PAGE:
every time I try and use it, it never works as intended and I always wonder if I did something wrong. This is a service that everyone (except Ninendo?) seems to have put the absolute bare minimum of effort into. And not just in the functionality but the documentation or capabilities too.

Don Whiteside:

It doesn’t help that they put out an API for it that’s just as mediocre and poorly supported. For the first year (maybe still?) it didn’t work as documented in the emulator. By the time I got two more devices I could devote to screwing around with it I was so angry about the whole situation I dropped the project.

Dan Moren:

I’ve heard from plenty of other parents, though, who’ve found Screen Time frustrating and full of loopholes. And this is after Apple started pruning third-party parental control apps from its iOS store.

At the end of the piece, Stern details a number of other Screen Time bugs that she’s had reported by others. I’d add a few more, like, say, making a passcode that’s longer than four digits.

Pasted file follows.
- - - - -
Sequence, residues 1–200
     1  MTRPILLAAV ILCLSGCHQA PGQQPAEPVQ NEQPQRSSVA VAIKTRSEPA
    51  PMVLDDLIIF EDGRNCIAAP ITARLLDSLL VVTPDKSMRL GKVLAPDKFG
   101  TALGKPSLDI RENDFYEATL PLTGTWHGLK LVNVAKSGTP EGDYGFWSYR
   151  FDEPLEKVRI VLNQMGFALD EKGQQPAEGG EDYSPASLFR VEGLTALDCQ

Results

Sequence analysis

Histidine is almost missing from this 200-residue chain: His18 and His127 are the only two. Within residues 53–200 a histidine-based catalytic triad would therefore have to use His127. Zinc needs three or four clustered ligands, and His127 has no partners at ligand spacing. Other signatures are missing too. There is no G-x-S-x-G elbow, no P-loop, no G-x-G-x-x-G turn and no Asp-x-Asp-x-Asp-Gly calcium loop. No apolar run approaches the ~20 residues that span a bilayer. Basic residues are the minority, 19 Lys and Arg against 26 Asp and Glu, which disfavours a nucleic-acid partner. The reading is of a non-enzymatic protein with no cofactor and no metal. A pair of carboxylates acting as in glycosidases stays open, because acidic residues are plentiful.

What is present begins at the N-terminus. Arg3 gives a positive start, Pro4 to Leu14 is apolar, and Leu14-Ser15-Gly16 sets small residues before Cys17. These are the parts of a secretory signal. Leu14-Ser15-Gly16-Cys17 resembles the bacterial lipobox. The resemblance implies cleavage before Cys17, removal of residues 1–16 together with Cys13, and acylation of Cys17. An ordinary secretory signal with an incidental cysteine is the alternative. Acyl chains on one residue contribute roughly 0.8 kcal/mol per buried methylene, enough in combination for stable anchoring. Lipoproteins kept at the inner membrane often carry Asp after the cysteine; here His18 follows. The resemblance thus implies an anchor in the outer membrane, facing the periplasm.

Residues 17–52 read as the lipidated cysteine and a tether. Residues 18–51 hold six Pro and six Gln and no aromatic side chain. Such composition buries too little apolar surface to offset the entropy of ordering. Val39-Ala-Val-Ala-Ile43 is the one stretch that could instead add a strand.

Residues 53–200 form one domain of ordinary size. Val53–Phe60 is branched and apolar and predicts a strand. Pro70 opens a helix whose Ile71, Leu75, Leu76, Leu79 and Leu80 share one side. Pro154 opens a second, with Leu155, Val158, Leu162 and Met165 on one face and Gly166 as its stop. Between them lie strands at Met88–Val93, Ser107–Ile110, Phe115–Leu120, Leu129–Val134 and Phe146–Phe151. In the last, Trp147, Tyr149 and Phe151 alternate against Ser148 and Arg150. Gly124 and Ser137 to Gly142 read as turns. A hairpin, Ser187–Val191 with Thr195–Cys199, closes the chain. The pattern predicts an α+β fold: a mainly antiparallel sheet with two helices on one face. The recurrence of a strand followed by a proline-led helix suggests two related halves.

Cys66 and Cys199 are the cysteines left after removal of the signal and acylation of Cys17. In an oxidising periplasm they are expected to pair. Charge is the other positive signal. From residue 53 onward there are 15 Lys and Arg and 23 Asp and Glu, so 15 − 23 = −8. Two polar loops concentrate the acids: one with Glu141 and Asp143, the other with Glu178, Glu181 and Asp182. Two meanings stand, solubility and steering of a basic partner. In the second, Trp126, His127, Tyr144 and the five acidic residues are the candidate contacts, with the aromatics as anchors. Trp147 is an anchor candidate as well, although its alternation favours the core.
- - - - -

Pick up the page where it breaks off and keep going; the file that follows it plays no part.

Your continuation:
Previously:

Update (2024-06-06): Nick Heer:

I find this chart is always wildly disconnected from actual usage figures for my own devices. My iMac recently reported a week straight of 24-hour screen-on time per day, including through a weekend when I was out of town, because of a web browser tab I left open in the background.

[…]

It sucks how common problems are basically ignored until Stern writes about them.

Jesse Squires:

The “Developer” app opened when I clicked on a WWDC video link (because of universal links).

I immediately quit the app and opened the link in a browser.

And yet… Screen Time reports 14h of usage. 🤦🏼‍♂️

Juli Clover:

In a statement to Stern, Apple said that it is aware of an “issue with an underlying web technology protocol for developers, which allows a user to bypass web content restrictions.” A fix is planned for “the next software update.”

Kaveh:

So happy that Joanna Stern is bringing attention to this. Apple always tells you not to run to the media, but Screen Time is so buggy and parents have been complaining about it to Apple for years to no avail. Finally someone in the media says something and Apple’s like “we take this very seriously and will fix”. 🤔